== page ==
In the minutes after Netflix reported its quarterly earnings last week, the entire entertainment business had questions. Was that stock selloff really happening? What did it mean for the industry’s pivot to streaming? And, of course, because this is Hollywood: Who was to blame?

Netflix, the great disrupter whose algorithms and direct-to-consumer platform have forced powerful media incumbents to rethink their economic models, now seems to need a big strategy change itself. The company lost 200,000 subscribers in the first three months of this year and expects to lose two million more in the current quarter. So now the tech Goliath and Wall Street darling is reckoning with the same age-old problem that Hollywood has grappled with since at least the era of the actual Warner brothers: how to make mainstream movies and television that its customers enjoy, at scale and for a reasonable price.

It got me thinking about the simple idea that my film and TV production company Blumhouse is built on: If you give artists a lot of creative freedom and a little money upfront but a big stake in the movie’s or TV show’s commercial success, more often than not the result will be both commercial (the filmmakers are incentivized to make films that will resonate with audiences) and artistically interesting (creative freedom!). This approach has yielded movies as varied as “Get Out” (made for $4.5 million, with worldwide box office receipts of more than $250 million), “Whiplash” (made for $3.3 million, winner of three Academy Awards), “The Invisible Man” (made for $7 million, earned more than $140 million) and “Paranormal Activity” (made for $15,000, grossed more than $190 million).

From the beginning, the most important strategy I used to convince artists to work with me was to make radically transparent deals: We usually paid the artists (“participants” in Hollywood lingo) the absolute minimum allowable by union contracts upfront, with the promise of healthy bonuses based on actual box office results — instead of the opaque “percentage points” that artists are usually offered. Anyone can see box office results immediately, so creators don’t quarrel with the payouts. In fact, when it comes time for an artist to collect a bonus based on box office receipts, I email a video clip of myself dropping the check off at FedEx to the recipient.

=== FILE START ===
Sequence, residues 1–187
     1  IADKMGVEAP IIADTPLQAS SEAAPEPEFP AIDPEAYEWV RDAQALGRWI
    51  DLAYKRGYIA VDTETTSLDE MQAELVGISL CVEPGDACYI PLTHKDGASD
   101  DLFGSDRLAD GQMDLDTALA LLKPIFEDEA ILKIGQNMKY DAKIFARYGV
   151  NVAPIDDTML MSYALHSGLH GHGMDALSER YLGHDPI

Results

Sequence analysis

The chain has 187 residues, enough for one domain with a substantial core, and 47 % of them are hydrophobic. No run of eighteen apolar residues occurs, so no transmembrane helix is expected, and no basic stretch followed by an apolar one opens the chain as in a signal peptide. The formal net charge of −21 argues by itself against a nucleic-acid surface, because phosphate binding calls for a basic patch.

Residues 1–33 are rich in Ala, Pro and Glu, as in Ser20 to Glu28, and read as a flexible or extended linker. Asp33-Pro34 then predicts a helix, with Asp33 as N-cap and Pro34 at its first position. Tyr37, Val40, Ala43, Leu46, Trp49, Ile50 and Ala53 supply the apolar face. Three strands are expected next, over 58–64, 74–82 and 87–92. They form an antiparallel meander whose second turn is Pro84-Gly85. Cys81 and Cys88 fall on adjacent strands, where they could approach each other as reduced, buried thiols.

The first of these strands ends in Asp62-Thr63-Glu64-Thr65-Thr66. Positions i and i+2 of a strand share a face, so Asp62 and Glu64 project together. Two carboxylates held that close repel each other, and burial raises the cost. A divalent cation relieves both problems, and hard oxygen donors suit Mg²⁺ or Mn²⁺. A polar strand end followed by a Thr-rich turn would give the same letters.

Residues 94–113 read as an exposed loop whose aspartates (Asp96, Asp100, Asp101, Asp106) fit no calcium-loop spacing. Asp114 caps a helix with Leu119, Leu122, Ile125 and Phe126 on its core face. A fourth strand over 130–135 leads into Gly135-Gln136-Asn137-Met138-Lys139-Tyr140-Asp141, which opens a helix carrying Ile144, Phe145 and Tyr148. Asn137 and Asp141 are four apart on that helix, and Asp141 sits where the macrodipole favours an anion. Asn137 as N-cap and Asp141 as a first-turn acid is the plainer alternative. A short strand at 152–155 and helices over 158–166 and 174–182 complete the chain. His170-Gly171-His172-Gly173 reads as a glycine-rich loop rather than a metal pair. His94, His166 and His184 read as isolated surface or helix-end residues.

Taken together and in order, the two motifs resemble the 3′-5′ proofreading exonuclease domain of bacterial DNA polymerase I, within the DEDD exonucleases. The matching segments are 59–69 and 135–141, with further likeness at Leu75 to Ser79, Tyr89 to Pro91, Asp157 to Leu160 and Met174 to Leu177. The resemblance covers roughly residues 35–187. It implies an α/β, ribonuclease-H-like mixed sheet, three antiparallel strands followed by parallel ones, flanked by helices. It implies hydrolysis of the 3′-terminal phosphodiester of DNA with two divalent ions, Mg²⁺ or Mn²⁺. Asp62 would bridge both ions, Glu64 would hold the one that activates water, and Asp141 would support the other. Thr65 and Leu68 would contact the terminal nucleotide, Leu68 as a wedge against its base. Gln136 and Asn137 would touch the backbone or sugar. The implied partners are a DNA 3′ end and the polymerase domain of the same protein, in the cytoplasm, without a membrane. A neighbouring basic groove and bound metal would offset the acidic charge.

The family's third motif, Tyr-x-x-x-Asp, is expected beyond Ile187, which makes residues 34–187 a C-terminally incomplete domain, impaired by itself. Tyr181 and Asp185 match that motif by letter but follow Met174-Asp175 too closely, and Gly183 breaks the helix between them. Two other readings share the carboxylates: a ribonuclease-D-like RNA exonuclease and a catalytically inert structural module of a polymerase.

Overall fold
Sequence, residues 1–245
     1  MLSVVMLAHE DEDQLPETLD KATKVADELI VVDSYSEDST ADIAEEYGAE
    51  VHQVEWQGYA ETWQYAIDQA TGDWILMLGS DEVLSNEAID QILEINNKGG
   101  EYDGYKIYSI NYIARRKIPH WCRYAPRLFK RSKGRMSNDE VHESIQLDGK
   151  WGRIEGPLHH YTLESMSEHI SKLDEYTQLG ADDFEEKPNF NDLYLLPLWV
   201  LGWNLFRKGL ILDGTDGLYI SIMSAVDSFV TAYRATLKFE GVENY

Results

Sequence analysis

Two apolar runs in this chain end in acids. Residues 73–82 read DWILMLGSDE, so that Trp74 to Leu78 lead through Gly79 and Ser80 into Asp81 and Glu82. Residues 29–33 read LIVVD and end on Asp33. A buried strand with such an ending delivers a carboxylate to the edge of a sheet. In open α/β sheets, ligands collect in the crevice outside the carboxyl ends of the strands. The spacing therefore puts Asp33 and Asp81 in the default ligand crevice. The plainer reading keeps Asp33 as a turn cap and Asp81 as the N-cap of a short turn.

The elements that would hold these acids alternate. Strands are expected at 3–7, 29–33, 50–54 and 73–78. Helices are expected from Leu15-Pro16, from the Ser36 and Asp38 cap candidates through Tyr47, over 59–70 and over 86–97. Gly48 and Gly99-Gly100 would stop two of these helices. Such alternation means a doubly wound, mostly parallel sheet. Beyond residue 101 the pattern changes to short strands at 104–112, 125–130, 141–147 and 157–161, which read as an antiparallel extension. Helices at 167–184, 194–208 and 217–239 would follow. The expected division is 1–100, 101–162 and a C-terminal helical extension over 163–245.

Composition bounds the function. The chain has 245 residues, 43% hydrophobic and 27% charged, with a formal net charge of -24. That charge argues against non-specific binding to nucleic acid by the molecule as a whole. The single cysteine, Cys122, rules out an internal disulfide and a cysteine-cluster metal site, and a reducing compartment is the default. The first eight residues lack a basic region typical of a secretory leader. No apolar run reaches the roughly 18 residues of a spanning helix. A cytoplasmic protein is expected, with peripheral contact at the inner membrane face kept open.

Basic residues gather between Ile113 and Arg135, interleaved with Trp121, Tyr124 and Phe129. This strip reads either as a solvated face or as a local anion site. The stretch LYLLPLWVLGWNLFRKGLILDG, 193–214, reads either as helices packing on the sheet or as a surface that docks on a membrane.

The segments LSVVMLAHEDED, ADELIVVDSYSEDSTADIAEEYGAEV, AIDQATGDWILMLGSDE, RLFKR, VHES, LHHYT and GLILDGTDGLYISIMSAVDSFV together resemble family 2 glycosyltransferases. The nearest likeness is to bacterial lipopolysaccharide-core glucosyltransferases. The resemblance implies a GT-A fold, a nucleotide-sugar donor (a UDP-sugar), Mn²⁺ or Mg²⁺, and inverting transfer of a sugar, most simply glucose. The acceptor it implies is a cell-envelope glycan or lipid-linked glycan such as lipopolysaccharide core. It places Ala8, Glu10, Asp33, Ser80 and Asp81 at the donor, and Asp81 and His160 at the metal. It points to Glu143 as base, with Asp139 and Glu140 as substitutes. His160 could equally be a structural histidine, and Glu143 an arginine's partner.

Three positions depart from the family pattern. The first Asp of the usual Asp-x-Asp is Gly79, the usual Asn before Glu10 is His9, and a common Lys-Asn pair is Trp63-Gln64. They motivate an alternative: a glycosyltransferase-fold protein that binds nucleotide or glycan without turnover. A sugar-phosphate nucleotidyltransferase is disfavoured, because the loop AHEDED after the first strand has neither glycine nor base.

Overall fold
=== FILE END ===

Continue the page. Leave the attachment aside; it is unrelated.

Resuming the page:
To be sure, the “Blumhouse model” was especially effective in the horror genre, where lower-budget production values can lend a feeling of scary realism to the stories. But I also noticed that other experiments in lower-budget, bet-on-yourself gambits were working: My friend the director Todd Phillips forfeited a large upfront salary for “The Hangover” and cast lesser-known actors (at the time) to make the film on a small budget (by studio standards), in exchange for a greater share of the profits. That deal worked out stunningly well for all parties involved when the film grossed almost half a billion dollars and spurred a three-part franchise. Similarly, the creative team behind “Deadpool” made that film for only $58 million — a bargain unheard-of in the glossy world of Marvel superhero flicks — and their conviction paid off with $783 million in box office receipts.

The Blumhouse model is just an exaggerated and more clear-cut version of the classic system of sharing in success — the same deal that the publishing industry offers with royalties and that traditional Hollywood studios always have used and still do. When the financial incentives of the people paying for the movies and TV shows are aligned with those of the creators, the overall system is much more cost-effective — and often the movies and TV shows are better.

So what does this have to do with Netflix and streaming? The streaming platforms have, until very recently, balked at any kind of visibility into the success of movies and TV on their platforms (though that could change at Netflix if it adds an advertising-supported tier). This is understandable: Having spent hundreds of millions of dollars building their algorithms and distribution platforms, and billions more licensing Hollywood’s movies and TV shows to draw subscribers, they absolutely have the right to protect that proprietary information.